Cricket


International cricket is played throughout the year somewhere in the world, either as test matches lasting five days or in its one-day form and most recently the shortened Twenty20 version. It is hugely popular in the sub-continent where top players enjoy fan-fuelled film-star status and is the main summer sport in England, Australia, New Zealand and South Africa. The test playing nations are Australia, Bangladesh, England, India, New Zealand, Pakistan, South Africa, Sri Lanka, West Indies (whose states compete as one country). Zimbabwe has been a test playing nation but is currently playing only one-day internationals. Other countries, including Netherlands, Kenya, Scotland and Canada take part in the World Cup (every four years) and minor tournaments. The International Cricket Council (ICC) is the world governing body and each country has its own powerful board of control e.g. the England and Wales Cricket Board (ECB) and the Board of Control for Cricket in India (BCCI).

The sport often throws up political angles. During apartheid withdrawal of international cricket was one of the main weapons used to isolate South Africa. Zimbabwe has also become a target for cricket boycotts because of political upheavals. Tension between India and Pakistan has often been reflected in tours being called off. Sri Lanka and Pakistan have both suffered cancelled tours, or matches played in neutral countries because of security worries.

Cricket has also been hit by betting and match-fixing scandals, the most infamous involving the late South Africa captain Hansie Cronje. It is also subject to sponsorship wrangles. Cricket is a complex game, rich in statistics. Any cricket reporting should include such statistics. Records are constantly being set for bowling, batting, wicketkeeping, and fielding, for personal achievement, for achievement between countries, for partnerships and for venues. Web sites such as www.cricinfo.com are very useful for such information and Wisden, online and in book form, is the oracle of cricketing statistics.

Cricket reporting should include details of the type of bowling – fast, medium pace, leg spin, off spin etc and some of the strokes employed – cut, sweep, pull, drive etc. Fielding positions such as the slips, short leg and silly mid-on for close catches and third man, long leg and deep point near the boundary, will need to be used to describe how batsmen were dismissed or where they sent a particularly fine shot.

The weather and the state of the pitch are also important factors to mention as these may help fast bowlers or spinners or may favour batsmen. The scoring rate is particularly relevant in one-day matches where teams are limited to (usually) 50 overs.

Bowlers deliver six balls in an over. The toss is also key to how a match might progress as pitches may favour batsmen early on but take spin later. Controversial umpiring decisions produce colourful copy as does player behaviour and their reaction to the decisions.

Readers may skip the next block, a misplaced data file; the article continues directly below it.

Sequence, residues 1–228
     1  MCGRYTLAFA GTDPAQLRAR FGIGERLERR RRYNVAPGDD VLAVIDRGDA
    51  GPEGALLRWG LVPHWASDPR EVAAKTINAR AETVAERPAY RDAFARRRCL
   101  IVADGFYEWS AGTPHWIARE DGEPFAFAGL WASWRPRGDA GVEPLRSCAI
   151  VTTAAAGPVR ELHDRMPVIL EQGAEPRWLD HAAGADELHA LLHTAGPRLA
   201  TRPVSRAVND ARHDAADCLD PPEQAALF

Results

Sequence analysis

Contents

Coverage

Reuters covers all test matches and one-day internationals. For tests we usually need a preview 36 hours before the match, plus any spot stories on injuries etc leading up to the start. The toss and teams should include brief information on the lineups – who has been left out etc. Scores and scoreboards are sent at the lunch and tea intervals, at the end of an innings and at the close. Correspondents should write a story at lunch (200 words) and update at tea. A quick update at the close should be followed by a wrap and a quotes piece. For major matches correspondents may be asked to update the action more frequently, or to provide highlights for screens. For one-day internationals we generally do not need previews. We run toss and teams, update at end of innings, quick result update, lead and quotes. Sports desk may vary requirements. Scorelines and scoreboards are sent at the end of innings and at the close. For both forms of cricket, sidebars, offbeat stories about venues, history, characters etc and interviews are always welcome.


Style points

Fielding Positions

mid-wicket, mid-on, mid-off, silly mid-on, silly mid-off, deep mid-wicket, leg slip, square leg, short leg, long leg, long off, fine leg, third man first slip, second slip etc, extra cover, deep extra cover, gully (without an e).

Players

fast bowler, pace bowler, spin bowler, spinner left-arm spinner, leg-spinner, off-spinner, medium pacer, wicketkeeper (matches goalkeeper), all-rounder, wicketkeeper-batsman, middle-order batsman, tail ender.

Shots

on drive, off drive, cover drive, hat-trick (hyphenated), test, one-day international (lower case), scoreboard (not scorecard), lineup, West Indies (not the West Indies), day-night match, leg bye, no ball.


Try to avoid programmatic intros where venue, day, innings, test number are all crammed into the first paragraph. Use the intro for what is newsworthy, dropping some of the standard information lower down. Within a story, scores and bowlers’ figures should be written out e.g. 25 for two (25 runs for two wickets), or two for 25 (two wickets with 25 runs conceded). In results and stats boxes this can be abbreviated to 2-25 or 25-2. Cross-check figures in copy with the scoreboard. Any partnerships mentioned should tally with fall-of-wicket figures. Slugs should include a masterslug for tours. This should be the touring side, or SERIES/TRANGULAR etc for one-day tournaments or ASHES for England v Australia test series e.g. BC-CRICKET-LANKA/TOSS, BC-CRICKET-LANKA/GANGULY (for Sri Lankan tour of India.)

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